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As a writer about Mac, iPhone and iPad applications you sometimes think you’ve seen it all, apps being very similar, especially when they perform basically the same tasks. I should know better – it’s the details that can make all the difference and I tried to highlight that fact in an article I wrote a couple of weeks ago in which I compared five outlining apps for Mac.

They all had their strengths and weaknesses, but all of them will suit a different set of needs. Being only human, it seems I overlooked a rather popular choice: Scribe. Today, I want to remedy that faux pas and take a closer look at an outliner that comes with a lot of features and is quite simple to use.

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This post is part of a series that revisits some of our readers’ favorite articles from the past that still contain awesome and relevant information that you might find useful. This post was originally published on April 23rd, 2011.

Time management is be a daunting task for many of us. I excel in writing down my appointments and time blocks into iCal, but if I don’t assign an alarm to them, I miss them. More than that, knowing that I have a lot crammed into a day discourages me to even open iCal – which doesn’t really improve the situation!

With Blotter, you can display your iCal content on your desktop and so keep an eye on your important stuff much easier – and surprisingly enough, find that there just might be time to do everything properly.

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If you’re reading this article then in all likelihood you spend a significant amount of time on your Mac, whether for work or play. However, while the increasing digitization of the modern world has led to real tangible benefits such as unparalleled communication, the easy spread of ideas and, of course, Lolcats, there is a more harmful side to heavy computer use and that is the effect it can have on our health.

These health risks often present themselves with issues such as back pain, RSI (or repetitive strain injury) and an increased risk of cardiovascular problems. In an ideal world, we’d simply not work so much and go outside and enjoy some exercise but since this is not always possible, there’s Time Out Free.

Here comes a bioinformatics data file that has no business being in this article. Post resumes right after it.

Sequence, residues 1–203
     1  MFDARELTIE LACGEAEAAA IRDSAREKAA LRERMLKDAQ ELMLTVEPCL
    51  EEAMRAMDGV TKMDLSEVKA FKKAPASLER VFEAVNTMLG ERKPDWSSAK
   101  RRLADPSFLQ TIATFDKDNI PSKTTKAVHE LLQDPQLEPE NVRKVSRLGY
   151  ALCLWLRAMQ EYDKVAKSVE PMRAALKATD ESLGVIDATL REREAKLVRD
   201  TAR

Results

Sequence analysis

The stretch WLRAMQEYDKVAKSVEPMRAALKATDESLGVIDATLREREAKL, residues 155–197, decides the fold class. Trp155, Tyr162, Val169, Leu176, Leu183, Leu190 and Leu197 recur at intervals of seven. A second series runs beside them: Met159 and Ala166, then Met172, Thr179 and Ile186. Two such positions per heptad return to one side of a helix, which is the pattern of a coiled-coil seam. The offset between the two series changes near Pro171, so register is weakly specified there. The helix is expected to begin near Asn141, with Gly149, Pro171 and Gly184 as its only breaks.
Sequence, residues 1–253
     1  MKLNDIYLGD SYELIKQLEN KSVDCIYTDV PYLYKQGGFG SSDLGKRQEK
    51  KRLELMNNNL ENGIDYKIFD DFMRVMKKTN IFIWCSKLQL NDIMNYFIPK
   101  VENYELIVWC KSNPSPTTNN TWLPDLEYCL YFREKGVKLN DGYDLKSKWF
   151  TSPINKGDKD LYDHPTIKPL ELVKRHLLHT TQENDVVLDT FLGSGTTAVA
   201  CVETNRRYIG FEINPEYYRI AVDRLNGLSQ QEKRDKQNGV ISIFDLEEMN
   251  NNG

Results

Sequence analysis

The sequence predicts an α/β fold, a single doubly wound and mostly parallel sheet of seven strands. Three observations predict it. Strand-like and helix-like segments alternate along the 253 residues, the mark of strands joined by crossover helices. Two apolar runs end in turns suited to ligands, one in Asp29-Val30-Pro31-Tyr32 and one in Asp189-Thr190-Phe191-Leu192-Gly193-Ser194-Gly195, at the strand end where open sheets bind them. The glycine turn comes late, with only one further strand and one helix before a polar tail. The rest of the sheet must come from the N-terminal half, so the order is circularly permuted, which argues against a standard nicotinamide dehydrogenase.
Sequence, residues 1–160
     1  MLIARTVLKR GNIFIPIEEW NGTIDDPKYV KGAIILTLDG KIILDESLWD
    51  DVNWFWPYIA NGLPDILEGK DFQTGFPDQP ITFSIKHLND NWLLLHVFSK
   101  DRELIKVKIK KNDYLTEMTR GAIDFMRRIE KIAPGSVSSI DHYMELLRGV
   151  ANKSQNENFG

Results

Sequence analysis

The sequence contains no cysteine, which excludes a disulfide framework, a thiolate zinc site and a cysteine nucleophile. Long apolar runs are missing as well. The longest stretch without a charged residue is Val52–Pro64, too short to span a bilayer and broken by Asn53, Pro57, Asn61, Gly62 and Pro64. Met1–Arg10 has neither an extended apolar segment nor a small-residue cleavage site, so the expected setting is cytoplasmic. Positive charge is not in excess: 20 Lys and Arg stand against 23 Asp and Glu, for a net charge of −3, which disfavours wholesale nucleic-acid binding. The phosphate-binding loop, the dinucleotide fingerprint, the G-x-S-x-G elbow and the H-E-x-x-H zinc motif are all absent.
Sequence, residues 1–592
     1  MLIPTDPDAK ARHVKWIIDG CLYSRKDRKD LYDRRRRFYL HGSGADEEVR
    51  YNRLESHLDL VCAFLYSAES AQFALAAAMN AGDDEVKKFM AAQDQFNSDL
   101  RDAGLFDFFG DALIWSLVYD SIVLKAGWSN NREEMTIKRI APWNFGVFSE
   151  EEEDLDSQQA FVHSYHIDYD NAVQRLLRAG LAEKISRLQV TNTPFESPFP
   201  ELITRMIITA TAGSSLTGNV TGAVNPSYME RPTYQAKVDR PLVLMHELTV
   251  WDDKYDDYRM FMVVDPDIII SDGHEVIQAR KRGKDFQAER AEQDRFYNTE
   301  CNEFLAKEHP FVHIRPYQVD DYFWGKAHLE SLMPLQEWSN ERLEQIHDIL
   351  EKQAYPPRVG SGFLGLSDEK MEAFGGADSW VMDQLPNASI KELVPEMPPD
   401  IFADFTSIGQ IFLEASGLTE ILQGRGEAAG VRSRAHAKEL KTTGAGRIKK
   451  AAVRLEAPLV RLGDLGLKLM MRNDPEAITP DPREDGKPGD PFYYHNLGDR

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It is rare to find a note taking tool that incorporates task management. That’s why proNotes first caught my attention a few years ago, but then development seemed to wane and I lost track of the application. That is until a few months ago, when I stumbled upon the proNotes website and found that version 2.0 was in development.

I’ve been testing the new version, which is now available to the public. Let’s take a look at the new proNotes 2.0 and see if my early intrigue was warranted.

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In some ways, the built in Mac OS X Address Book wears like an old pair of sneakers – comfortable and familiar. What it lacks in style and features, it makes up for in dependability. Over the years, updates to Mac OS X have brought numerous improvements and enhancements. Yet despite these changes, the Address Book has remained largely the same. A facelift here and there, some improved syncing capabilities, but not much to get excited about (in fact, the Lion overhaul was largely protested).

Seeing the opportunity for real feature improvement in the realm of contact management, the team at Cobook have created a unique, innovative app that breathes some life into the Address Book. If you’re looking to give some more muscle to your Address Book, Cobook will take care of the heavy lifting.